• Tension builds up fast and remains throughout the game. After just a few turns (never mind rounds!) those virus cubes are multiplying like rabbits on the board, especially due to the domino-like epidemics, and you have to be constantly on the watch. A couple of distractions or wasteful and non-cooperative actions, and game over. In the other cooperative games I tried, it takes much longer for you to be in the thick of it.

  • Rules are simple and play is fast, making for short games and a high replaying factor.

To sum up, Pandemic is definitely going to stay on my 'want to play' list for a while. However, I understand it's not to everyone's taste and Damen said so after our second game.

El Capitán box coverWe thus proceeded to more traditional fare. I missed last week's gaming night because I was at a conference in Porto, Portugal, so it seemed fit to bring along El Capitán and its Porto expansion. Damen and Steve had played with me long time ago, Paul never, so I went through the rules. Adding to this the usual length of the game (ca. 1h30), it was clear we wouldn't have enough time after two games of Pandemic: we managed to play only two of El Capitán's three phases. It's always unsatisfying to not finish a game, especially when it's a well constructed majority control game by Wolfgang Kramer with an increasingly tense narrative arc.

As such, the many changes of warehouse majorities in the last phase did not occur. Still, we had some fights for majority control in the various cities, the most disputed one being Marseille, which brings in many florins for the majority owner. Paul cleverly built there a fortress (to gain the same amount of money as the warehouse majority winner) and left the rest of us spending precious turns in building warehouses there. We fought bitterly for majority, but Kramer's game is full of counter-balancing mechanisms: the more warehouses in a city, the less the majority is worth. Hence, Marseille brought in only a fraction of the florins it could. Fortunately, I had a backup plan and started in the first phase an expansion strategy, because the more cities you have warehouses in, the more money you get at the end of a phase, but (again the negative feedback loop) by spreading thin you hardly will have the majority in any city. I completed this strategy in the second phase and was able  to collect the 15 florin bonus for being the first (and only one) to have warehouses in 9 cities. Moreover, I took only one loan in the second phase while everyone else took two, which meant more net profit for me, enough to beat Paul.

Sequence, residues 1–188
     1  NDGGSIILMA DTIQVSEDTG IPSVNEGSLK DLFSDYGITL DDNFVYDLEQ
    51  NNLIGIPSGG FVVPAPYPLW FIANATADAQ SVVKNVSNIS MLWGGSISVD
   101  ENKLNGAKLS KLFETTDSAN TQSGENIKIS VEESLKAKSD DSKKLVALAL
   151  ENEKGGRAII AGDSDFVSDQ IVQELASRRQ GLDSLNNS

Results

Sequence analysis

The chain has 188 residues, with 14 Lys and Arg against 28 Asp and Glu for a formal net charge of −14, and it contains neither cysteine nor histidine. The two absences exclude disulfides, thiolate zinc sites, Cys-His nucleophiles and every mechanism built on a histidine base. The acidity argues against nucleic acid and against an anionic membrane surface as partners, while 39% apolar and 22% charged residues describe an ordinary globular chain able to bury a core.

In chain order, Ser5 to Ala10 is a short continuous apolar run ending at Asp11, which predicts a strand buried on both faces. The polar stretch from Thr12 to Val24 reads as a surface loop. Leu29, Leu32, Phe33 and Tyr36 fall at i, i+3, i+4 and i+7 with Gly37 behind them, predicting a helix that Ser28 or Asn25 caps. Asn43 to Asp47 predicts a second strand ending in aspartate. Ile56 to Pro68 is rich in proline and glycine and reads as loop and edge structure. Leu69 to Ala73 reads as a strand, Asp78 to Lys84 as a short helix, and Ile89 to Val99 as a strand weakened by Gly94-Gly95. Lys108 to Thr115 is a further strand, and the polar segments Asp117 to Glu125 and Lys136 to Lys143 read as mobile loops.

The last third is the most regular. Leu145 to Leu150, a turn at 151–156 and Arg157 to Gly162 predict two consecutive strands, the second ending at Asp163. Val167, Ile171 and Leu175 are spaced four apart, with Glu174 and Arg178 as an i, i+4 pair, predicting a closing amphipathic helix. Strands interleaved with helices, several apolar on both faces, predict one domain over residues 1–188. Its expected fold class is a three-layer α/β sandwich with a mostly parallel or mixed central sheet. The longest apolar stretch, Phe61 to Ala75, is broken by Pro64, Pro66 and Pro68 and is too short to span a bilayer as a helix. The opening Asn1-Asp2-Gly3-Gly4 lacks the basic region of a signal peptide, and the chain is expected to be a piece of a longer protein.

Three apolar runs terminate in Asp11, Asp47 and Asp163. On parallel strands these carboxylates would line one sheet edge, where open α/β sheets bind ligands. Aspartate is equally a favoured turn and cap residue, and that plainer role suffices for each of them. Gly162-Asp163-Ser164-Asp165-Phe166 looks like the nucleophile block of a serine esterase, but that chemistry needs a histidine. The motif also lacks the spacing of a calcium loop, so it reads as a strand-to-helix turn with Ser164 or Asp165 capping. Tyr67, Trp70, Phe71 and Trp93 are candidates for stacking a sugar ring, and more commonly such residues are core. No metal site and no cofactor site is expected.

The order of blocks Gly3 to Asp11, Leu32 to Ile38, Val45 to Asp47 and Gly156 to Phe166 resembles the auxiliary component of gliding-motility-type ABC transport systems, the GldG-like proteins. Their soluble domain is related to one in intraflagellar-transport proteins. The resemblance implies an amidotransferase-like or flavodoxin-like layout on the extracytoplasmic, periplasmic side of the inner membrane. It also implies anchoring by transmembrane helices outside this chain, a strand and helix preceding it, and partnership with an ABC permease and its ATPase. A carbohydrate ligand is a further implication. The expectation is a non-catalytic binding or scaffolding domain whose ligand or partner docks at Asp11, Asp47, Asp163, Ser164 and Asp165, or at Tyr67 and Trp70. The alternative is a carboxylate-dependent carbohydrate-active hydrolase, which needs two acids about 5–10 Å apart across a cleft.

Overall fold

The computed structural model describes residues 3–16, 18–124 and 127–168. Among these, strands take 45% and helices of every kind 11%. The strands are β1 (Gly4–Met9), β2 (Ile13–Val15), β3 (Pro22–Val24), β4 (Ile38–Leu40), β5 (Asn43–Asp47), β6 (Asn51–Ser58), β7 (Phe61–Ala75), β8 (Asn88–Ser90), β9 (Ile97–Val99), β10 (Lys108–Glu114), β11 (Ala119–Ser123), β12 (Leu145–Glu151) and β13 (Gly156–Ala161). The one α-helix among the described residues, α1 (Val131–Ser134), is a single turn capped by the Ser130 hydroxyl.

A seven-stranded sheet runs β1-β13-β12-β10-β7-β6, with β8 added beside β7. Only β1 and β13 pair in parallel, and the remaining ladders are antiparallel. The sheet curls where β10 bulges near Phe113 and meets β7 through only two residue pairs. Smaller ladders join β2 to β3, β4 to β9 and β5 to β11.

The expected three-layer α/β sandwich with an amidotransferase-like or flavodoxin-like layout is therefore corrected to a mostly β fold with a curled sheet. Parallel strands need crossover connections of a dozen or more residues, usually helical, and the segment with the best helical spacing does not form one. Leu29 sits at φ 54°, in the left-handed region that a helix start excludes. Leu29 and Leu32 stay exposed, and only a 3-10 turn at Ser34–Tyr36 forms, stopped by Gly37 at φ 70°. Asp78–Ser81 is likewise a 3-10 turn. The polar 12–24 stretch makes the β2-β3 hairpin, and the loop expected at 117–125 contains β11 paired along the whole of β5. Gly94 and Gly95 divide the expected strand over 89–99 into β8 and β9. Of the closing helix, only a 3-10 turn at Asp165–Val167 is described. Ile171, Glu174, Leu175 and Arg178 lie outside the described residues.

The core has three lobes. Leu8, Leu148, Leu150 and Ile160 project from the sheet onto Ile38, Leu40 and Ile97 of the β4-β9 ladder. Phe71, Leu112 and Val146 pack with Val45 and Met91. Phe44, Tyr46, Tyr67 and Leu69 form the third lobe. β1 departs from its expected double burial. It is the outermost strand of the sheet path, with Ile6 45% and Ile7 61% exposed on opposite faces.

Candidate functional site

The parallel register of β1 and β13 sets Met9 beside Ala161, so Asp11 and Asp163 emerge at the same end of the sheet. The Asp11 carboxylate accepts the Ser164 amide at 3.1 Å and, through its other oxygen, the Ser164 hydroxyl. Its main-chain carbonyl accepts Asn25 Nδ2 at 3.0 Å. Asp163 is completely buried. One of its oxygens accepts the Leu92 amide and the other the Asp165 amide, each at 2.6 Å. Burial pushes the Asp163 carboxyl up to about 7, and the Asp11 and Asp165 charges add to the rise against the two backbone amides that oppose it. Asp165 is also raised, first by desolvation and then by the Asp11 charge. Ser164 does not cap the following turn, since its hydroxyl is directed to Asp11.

The game ended with Steve having 46 florins, Damen 56, Paul 95 and me 111. However, that included the 15 end-of-game bonus that I would not have available as cash for the third phase. I thus wonder how the game would end if we had completed it... El Capitán remains a favourite of mine due to its finely balanced mechanics, gorgeous artwork, and twist-and-turn tension until the final moments.